Christopher Wool & his typographic brilliance kicks off The Broad's 5th anniversary celebrations
With a massive series of exhibitions, installations and events throughout 2020 to celebrate its fifth anniversary The Broad is about to unveil its precious world-renowned collection of postwar and contemporary art built over 50 years by the museum’s founders, Eli and Edythe Broad.
Ten Broad collection artists will be highlighted through free exhibitions and in-depth installations, including John Baldessari, Jean-Michel Basquiat, Mike Kelley, Barbara Kruger, Roy Lichtenstein, Takashi Murakami, Ed Ruscha, Kara Walker, Andy Warhol and Christopher Wool.
The free exhibitions include Desire, Knowledge, and Hope (with Smog), an exhibition opening April 4 featuring iconic Los Angeles artists Baldessari, Kelley, Kruger and Ruscha, and an anniversary exhibition opening on September 26 highlighting new acquisitions and artists in the collection.
Kicking off its celebrations last month, on February 8, an in-depth presentation of 17 works by Christopher Wool -13 of which are on view for the first time at The Broad.
A major figure in the New York art scene of the 1980s, Christopher Wool is known for his paintings of words, where he places black stenciled letters on white canvases.
Wool’s work uses the visual impact of words as paintings to create tones and effects that are difficult to achieve through language or paint alone.
Works on view by the artist span from 1985 to 2015, including iconic works that use text, roller paintings and recent works using digital manipulation, including Untitled (1991), a work that reproduces a quote from Situationist writer Raoul Vaneigem, which Wool found in Lipstick Traces, a book by rock music critic Greil Marcus, his pivotal work I Smell a Rat (1994) and Untitled (2015), a recent painting in which Wool uses digital methods.
Born in 1955 in Boston, Wool grew up in Chicago. In 1973, he moved to New York City and enrolled in Studio School studies with Jack Tworkov and Harry Krame.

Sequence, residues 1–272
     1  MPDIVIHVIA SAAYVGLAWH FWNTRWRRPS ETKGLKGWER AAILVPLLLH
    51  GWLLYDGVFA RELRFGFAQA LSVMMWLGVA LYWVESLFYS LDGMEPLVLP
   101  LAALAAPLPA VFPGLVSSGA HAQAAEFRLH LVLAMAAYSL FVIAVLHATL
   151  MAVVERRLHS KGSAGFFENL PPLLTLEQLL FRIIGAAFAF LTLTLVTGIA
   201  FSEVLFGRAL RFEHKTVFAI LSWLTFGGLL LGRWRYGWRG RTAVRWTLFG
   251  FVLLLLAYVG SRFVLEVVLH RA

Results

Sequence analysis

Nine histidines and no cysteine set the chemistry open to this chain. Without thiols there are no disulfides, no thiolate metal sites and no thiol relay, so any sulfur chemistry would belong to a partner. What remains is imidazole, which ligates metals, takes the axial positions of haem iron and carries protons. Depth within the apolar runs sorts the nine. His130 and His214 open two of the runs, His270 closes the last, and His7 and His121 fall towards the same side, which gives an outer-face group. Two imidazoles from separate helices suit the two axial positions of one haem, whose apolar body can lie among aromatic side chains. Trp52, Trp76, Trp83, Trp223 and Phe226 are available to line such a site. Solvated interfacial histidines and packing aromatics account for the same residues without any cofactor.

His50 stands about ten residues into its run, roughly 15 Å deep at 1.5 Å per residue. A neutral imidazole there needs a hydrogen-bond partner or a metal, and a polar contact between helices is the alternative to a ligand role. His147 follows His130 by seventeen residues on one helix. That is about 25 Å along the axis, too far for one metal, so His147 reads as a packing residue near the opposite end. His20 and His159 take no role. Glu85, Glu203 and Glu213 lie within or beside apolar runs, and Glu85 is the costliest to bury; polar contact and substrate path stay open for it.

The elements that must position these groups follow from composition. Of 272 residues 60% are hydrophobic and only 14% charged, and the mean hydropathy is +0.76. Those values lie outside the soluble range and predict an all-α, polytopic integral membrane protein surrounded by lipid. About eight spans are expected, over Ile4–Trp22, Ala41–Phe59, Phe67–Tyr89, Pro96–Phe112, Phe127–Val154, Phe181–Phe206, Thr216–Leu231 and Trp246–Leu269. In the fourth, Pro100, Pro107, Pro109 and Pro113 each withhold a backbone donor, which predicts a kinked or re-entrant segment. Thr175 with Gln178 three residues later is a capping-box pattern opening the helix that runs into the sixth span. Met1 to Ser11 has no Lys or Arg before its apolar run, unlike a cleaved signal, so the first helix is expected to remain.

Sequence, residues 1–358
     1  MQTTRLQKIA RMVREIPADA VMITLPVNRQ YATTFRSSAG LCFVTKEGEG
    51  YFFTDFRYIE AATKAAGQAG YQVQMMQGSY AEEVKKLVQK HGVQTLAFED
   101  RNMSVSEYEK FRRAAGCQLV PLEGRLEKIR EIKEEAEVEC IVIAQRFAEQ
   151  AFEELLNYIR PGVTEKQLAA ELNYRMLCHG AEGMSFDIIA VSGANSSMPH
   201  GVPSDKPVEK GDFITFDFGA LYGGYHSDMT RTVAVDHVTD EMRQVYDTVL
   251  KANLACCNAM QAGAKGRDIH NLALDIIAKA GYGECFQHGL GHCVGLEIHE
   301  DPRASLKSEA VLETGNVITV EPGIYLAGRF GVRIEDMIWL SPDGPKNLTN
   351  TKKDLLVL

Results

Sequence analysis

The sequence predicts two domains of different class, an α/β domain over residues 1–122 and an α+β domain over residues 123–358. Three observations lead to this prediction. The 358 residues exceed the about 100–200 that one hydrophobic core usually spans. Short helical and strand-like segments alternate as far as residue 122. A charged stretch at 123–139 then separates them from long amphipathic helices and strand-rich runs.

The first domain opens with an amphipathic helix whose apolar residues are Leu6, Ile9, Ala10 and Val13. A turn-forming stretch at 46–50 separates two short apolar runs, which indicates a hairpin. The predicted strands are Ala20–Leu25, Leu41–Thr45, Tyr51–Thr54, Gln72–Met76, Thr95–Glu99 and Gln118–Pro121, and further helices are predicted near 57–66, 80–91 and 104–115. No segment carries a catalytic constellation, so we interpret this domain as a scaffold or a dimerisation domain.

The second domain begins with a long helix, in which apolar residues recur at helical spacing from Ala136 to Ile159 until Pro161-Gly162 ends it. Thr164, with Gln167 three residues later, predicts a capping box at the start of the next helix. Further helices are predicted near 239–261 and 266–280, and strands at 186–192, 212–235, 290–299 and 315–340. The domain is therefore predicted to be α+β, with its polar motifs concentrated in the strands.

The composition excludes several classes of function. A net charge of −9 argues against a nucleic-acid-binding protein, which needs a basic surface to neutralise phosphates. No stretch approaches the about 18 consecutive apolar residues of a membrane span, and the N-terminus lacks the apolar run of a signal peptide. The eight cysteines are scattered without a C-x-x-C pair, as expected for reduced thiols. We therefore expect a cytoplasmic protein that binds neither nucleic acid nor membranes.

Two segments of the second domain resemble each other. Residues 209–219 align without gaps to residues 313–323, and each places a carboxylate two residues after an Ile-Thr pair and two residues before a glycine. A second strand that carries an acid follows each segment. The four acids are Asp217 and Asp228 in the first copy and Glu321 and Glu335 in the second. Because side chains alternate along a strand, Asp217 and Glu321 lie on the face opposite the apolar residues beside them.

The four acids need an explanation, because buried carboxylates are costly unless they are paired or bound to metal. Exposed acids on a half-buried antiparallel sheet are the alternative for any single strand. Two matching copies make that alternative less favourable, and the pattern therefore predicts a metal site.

"Christopher Wool’s work emerged in the 1980s when neo-expressionist painting had achieved ascendancy not only in New York but also in Germany and Italy" notes the artist's bio.
"In reaction to this climate, Wool, along with painters like Peter Halley and Philip Taaffe, reinvented abstract painting by addressing historical arguments against painterly expression as a valid art form. Specifically, Wool brought the lineage of conceptual and minimalist art to bear on abstract painting, not conceding the end of painting to theoretical debate but instead imagining a painting fully aware of its own criticism.
In the late 1980s, Wool began incorporating text into his work, inspired by graffiti on a local truck that displayed 'sex' and 'luv.'
The paintings that followed are perhaps Wool’s most recognizable images, employing large passages of text from cultural idioms or song lyrics from popular culture.
Untitled, 1990, features the words 'Run Dog Run' printed across a series of nine aluminum panels. The words are repeated in a staccato fashion, clipped in half by line breaks imposed by Wool.
The repetition of words, use of unconventional spacing, and intentionally clumsy rhythms give the sense that communication is broken or disabled."
The annual celebrations of art through The Broad's collection include "deep dives into the work of icons of American postwar art and 1960s pop, key artists of the 1980s New York and Los Angeles art scenes, and works by important figures of the 1990s to the present day."
On April 4, The Broad will open the free exhibition in its first floor galleries, Desire, Knowledge, and Hope (with Smog), which will showcase 81 artworks of Los Angeles ground breaking artists Baldessari, Kelley, Kruger and Ruscha with more to follow.
The Broad opened to the public on September 20, 2015, a dramatic expansion of Eli and Edythe Broad’s long-held vision of making contemporary art accessible to the widest possible audience.
True to this vision, the museum attracted more than 917,000 visitors in 2019—its highest calendar-year attendance ever, and the second straight year in which The Broad saw a 12% increase in visitors.
In addition, the museum continues to attract a young audience reflecting the diversity of Los Angeles: 70% self-identify as non-white and two-thirds are under the age of 35.
"The Broad’s first five years were built on the five decades that the museum’s founders, Eli and Edythe Broad, committed to supporting contemporary artists and assembling a remarkable collection of their works. As we mark The Broad’s fifth anniversary, we celebrate our founders’ vision and their dedication to the entire careers of many of the artists whose works are held in most depth in the collection. This group of extraordinary monograph installations is more ambitious than we have ever featured before" notes the museum's founding director Joanne Heyler.
"Edye and I are so proud of what The Broad has accomplished in its first five years, which is far beyond all goals we set when we established the museum. The Broad has become one of Los Angeles’ most welcoming and distinctive cultural institutions, and we look forward to continuing our adopted hometown’s growing legacy as one of the great art capitals of the world" says The Broad’s co-founder, Eli Broad.
Throughout the anniversary year, the museum's first and third floor galleries are showcasing its collection, which encompasses approximately 2,000 artworks reflecting many "of the forces and ideas that have shaped art since the mid-twentieth century."
Keep informed and join the festivities here.